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  1. Maurice Pagnucco (2006). Isaac Levi on Abduction. In Erik J. Olsson (ed.), Knowledge and Inquiry: Essays on the Pragmatism of Isaac Levi. Cambridge University Press.
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  2. James P. Delgrande, Abhaya C. Nayak & Maurice Pagnucco (2005). Gricean Belief Change. Studia Logica 79 (1):97 - 113.
    One of the standard principles of rationality guiding traditional accounts of belief change is the principle of minimal change: a reasoner's belief corpus should be modified in a minimal fashion when assimilating new information. This rationality principle has stood belief change in good stead. However, it does not deal properly with all belief change scenarios. We introduce a novel account of belief change motivated by one of Grice's maxims of conversational implicature: the reasoner's belief corpus is modified in a minimal (...)
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  3. Victor Jauregui, Norman Foo & Maurice Pagnucco (2001). A Trajectory Approach to Causality. Studia Logica 67 (3):385-401.
    In this paper we propose a new approach to address the ramification problem in common-sense reasoning about action and change. We contrast the methods of McCain and Turner, Thielscher and Sandewall and, based on some of the limitations they encounter, we introduce a trajectory-based approach which keeps a history of the states through which a system evolves to characterise its dynamical state. We furnish an underlying state-transition semantics and a logic that admits an expressive, dynamical account of some typical scenarios (...)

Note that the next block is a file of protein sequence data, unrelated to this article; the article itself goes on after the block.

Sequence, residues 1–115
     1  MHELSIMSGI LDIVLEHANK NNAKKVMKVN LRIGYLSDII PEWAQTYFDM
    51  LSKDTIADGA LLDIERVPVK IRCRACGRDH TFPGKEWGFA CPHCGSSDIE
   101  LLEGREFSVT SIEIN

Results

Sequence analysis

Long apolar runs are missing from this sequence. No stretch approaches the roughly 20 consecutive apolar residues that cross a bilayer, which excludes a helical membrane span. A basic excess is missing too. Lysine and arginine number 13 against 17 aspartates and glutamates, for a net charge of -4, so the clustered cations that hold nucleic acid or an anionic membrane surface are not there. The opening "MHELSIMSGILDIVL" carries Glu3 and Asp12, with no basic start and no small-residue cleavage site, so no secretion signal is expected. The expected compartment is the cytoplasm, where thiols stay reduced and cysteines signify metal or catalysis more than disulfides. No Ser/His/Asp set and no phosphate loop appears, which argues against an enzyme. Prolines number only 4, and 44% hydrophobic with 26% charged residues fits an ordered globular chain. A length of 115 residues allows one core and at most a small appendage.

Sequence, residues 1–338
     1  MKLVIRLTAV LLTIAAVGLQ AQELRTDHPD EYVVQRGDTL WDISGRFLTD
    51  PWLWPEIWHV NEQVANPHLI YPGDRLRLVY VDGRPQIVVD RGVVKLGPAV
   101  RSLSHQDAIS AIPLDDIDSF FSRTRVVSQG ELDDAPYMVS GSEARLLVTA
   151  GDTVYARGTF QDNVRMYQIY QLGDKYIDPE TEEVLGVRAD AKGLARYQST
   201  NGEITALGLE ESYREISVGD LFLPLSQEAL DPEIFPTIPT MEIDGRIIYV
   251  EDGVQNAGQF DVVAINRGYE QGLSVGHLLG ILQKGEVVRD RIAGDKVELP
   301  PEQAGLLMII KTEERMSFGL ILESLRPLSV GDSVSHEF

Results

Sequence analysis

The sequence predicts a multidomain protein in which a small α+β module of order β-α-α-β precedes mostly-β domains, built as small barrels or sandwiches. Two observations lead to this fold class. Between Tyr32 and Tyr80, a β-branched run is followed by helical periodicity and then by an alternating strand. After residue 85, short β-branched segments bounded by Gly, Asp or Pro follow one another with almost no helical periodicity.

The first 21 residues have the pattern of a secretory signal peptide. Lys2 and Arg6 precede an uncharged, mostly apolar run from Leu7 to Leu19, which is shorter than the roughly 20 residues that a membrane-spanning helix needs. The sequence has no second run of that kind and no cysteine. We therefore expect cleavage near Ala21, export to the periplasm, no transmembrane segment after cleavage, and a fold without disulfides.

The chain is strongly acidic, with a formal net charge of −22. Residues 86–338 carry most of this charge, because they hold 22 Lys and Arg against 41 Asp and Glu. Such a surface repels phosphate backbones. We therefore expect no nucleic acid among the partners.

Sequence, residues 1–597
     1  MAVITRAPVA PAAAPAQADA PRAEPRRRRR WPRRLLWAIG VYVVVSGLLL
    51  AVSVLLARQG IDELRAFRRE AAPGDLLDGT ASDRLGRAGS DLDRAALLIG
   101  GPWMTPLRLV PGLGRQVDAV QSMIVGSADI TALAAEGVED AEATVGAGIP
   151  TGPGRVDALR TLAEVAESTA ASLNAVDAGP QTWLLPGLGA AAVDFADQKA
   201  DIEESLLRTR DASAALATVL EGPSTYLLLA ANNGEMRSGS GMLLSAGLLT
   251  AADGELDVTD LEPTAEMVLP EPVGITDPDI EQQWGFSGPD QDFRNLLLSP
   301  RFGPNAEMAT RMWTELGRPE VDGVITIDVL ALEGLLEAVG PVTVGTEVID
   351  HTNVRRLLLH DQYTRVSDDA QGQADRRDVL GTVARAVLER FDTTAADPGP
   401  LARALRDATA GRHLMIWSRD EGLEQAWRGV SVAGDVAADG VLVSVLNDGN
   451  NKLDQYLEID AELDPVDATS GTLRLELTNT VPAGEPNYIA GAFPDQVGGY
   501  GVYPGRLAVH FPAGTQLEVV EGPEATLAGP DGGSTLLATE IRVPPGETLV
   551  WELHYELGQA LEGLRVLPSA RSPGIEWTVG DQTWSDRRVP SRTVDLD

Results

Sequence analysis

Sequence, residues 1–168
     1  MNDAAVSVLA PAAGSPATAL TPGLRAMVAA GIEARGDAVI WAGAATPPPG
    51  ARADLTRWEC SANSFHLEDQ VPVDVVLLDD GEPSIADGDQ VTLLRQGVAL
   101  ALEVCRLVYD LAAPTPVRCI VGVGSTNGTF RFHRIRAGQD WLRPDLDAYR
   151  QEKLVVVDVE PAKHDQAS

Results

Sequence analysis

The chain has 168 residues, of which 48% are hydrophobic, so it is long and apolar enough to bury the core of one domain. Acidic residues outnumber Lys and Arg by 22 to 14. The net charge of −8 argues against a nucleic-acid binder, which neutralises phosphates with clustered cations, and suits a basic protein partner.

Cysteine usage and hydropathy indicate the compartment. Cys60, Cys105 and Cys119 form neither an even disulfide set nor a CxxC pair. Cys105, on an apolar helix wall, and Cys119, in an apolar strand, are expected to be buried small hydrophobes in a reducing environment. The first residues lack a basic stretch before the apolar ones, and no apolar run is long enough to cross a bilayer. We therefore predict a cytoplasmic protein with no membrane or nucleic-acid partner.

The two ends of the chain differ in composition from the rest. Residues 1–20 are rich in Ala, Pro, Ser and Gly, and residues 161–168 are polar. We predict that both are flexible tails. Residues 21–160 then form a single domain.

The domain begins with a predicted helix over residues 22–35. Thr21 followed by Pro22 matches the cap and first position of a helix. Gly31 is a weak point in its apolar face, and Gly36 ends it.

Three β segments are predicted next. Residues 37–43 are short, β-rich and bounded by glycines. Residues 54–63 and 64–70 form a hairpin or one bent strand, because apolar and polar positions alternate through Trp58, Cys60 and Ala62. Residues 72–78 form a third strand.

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  4. Maurice Pagnucco (2001). Victor Jauregui Maurice Pagnucco Norman Foo. Studia Logica 67:385-401.
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  5. Hans Rott & Maurice Pagnucco (1999). Severe Withdrawal (and Recovery). Journal of Philosophical Logic 28 (5):501-547.
    The problem of how to remove information from an agent's stock of beliefs is of paramount concern in the belief change literature. An inquiring agent may remove beliefs for a variety of reasons: a belief may be called into doubt or the agent may simply wish to entertain other possibilities. In the prominent AGM framework for belief change, upon which the work here is based, one of the three central operations, contraction, addresses this concern (the other two deal with the (...)
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